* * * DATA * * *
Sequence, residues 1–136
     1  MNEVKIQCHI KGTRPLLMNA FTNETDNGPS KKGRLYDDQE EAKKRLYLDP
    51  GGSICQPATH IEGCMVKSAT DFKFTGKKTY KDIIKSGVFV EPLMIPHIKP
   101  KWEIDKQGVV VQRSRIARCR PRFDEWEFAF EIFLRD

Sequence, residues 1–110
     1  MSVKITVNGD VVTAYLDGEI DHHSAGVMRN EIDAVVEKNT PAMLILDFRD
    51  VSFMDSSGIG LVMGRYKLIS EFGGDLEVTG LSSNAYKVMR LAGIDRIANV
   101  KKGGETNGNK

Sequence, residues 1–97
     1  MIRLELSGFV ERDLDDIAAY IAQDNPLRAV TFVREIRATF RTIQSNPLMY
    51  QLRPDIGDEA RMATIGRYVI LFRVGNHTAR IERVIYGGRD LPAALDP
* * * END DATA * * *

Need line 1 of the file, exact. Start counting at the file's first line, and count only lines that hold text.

Sequence, residues 1–136